Anne & Tom's Adventure in India travel blog

On our way to Jaipur.

Exploring Barefoot College at Tilonia.

A solar concentrator.

The concentrated solar heat bakes bred.

A hospital section.

Sewing machine.

Drug dispensary in the hospital.

They make instructional AV.

Water is under this grate.

The craft sales center.

Many bargains.

There were wall hangings.

 

 

Harvesting along the road to Jaipur.

We had lunch here.

Entering the City Palace.

The guards?

A huge brass urn.

Inside the palace (photographs were not allowed - Tom snuck this one).

A rifle display

There were artists doing restoration.

Two palace guards with ancient rifles.

Charming.

One maharaja was really into the Zodiac and had very precise observatory...

A view of the palace.

We were transported via bicycle rickshaw.

In our rickshaw.

We had a good view of the streets of Jaipur.

Quite a contraption.

We then visited stores.

Clothing.

We got a real bargain on saffron in this spice store.

Street scene.

Begging for a cigarette.

Vendors.

Our hotel - the Oberoi Rajvillas.

The door to the grounds where we walked to our room.

Another fancy hotel.

The bathroom was exposed to the outdoors - but completely private.

We had another dinner at a private home.

Our hostess.

Her daughter and granddaughter.

We enjoyed the meal.

There was jewelry for sale afterwards.

We crashed a wedding on the way back.

It was quite elaborate.

Tom was invited right up on the stage to photograph the bride...

They look tired and not too happy.


We watched a camel cart bring all of our luggage to the bus as we ate breakfast, and then departed Pushkar. First stop was the village of Tilonia, about a one hour drive, where we saw the results of an effort for a self-sustaining community. Actually this particular village seems to coordinate about 110 villages in the area, and has an educational facility called "The Barefoot College". There is a 45kw electric solar generator as well as a solar oven powered by a bank of mirrors. They have a water treatment installation, as well as a handicraft shop where the efforts of the villagers are sold - very nice things.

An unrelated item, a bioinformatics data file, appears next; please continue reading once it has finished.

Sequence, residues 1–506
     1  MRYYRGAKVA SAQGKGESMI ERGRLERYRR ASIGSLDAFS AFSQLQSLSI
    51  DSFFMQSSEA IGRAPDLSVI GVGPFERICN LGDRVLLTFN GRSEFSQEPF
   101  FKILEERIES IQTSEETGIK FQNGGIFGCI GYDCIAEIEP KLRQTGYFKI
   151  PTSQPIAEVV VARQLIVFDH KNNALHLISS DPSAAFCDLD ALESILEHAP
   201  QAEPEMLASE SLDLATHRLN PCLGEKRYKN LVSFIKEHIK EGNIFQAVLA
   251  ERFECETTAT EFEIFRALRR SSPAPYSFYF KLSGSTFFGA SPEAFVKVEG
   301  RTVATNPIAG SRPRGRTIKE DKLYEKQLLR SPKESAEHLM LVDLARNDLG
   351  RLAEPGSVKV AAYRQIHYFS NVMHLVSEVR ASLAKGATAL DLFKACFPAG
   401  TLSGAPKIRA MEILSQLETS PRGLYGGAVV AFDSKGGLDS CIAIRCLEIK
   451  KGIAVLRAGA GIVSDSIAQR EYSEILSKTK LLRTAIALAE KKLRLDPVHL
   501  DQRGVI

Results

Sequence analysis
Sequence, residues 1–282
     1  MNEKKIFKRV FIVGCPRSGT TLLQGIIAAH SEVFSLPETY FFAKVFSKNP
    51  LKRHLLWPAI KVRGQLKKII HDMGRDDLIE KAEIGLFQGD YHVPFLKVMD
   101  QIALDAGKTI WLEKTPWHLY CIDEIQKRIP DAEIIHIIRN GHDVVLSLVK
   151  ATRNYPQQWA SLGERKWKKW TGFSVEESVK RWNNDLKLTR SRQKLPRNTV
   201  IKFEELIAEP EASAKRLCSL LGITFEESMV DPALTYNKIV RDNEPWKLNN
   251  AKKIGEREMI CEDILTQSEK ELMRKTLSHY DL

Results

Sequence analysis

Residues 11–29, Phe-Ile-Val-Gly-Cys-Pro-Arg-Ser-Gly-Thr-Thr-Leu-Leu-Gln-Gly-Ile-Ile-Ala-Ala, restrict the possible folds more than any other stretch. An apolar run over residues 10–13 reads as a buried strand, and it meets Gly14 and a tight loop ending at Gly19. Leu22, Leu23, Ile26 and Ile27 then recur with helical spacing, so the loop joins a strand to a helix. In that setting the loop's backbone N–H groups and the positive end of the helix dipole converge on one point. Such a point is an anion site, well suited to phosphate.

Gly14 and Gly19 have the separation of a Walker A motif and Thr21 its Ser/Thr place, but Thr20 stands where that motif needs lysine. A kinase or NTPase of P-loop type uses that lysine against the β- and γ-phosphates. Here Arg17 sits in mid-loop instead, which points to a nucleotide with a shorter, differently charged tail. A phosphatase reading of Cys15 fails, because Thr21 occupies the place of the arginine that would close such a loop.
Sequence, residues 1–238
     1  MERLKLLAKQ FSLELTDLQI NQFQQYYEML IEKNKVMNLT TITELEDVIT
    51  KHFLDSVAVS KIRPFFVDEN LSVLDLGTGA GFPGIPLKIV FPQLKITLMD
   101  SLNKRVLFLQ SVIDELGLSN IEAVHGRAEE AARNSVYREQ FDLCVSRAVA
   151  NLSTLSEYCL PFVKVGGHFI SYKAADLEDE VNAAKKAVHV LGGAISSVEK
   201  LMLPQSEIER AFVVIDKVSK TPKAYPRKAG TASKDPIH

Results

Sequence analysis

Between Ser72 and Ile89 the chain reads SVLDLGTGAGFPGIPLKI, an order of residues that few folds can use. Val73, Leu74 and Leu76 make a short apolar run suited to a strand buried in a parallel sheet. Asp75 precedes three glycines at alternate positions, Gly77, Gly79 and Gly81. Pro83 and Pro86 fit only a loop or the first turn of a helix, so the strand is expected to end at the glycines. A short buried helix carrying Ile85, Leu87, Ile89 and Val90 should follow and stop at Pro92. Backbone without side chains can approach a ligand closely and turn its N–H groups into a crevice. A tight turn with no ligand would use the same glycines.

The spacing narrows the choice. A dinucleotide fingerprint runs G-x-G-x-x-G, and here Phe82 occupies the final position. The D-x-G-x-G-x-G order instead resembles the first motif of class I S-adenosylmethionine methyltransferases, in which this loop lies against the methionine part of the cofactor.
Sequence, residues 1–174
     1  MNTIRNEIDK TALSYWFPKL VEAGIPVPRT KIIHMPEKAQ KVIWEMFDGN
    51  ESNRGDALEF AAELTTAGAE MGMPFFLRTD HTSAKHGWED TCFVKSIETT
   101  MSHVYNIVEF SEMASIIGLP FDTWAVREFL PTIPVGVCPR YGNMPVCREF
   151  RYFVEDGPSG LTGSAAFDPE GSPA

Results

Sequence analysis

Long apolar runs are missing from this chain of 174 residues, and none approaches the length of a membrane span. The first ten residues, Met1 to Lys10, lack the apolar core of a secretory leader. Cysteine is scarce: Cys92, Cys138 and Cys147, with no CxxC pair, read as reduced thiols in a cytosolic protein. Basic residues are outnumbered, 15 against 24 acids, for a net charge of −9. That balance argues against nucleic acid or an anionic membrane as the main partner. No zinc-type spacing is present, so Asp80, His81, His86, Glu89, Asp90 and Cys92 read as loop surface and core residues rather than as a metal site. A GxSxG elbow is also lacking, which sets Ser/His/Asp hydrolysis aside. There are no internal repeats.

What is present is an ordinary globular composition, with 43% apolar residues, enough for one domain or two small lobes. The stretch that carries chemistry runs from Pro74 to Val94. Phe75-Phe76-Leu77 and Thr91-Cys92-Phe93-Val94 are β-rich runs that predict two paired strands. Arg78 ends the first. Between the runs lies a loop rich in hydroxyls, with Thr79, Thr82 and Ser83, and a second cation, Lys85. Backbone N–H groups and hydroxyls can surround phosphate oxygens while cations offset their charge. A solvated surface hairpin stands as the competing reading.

We then traveled about 3 hours to Jaipur. Along the way, there had been an accident on the highway where it looked like a man had been trying to cross the busy four- or six-lane divided highway and was probably hit by a truck. These vehicles slow down for nothing. The man was lying in the middle of the road - he was apparently dead. The lane was blocked off, but no one was working on him medically, and it looked like you might see in a movie, except it was all too real and quite upsetting.

In Jaipur, we had lunch, and then a tour of the City Palace. These are always places built by a succession of maharajahs, very elaborate and well-defended, with separate ladies' quarters behind screened walls. There is a lot of artwork from the older times, and also a very interesting observatory which was used to determine horoscopes through the zodiac, a very important practice for the society - and still is. This was followed by a walk in the old city, and much hassling by beggars and hawkers, including a two-year old who wanted a cigarette.

We finally reached our hotel in Jaipur, the Rajvillas, another elaborate Oberoi Hotel. There was only one hour to shower and get dressed for dinner, followed by another long bus ride back into town to to home of a retired Army Captain, who is supplementing his income by hosting dinners. We had a great time and a nice dinner, as well as good conversation. This was an auspicious day for weddings according to the horoscopes, so we had passed several outdoor weddings along the way to dinner, so D.P suggested that we stop briefly at one to see what was going on and to see the elaborate costumes the bride and groom were wearing. We were appalled at the idea of crashing a wedding! We took longer to get across the busy main street than did the others in our group - we were much more dressed up than the others, so we blended right in - while the others got yelled at by a guest!

We finally arrived back at our hotel, where we practically fell into bed and slept well.

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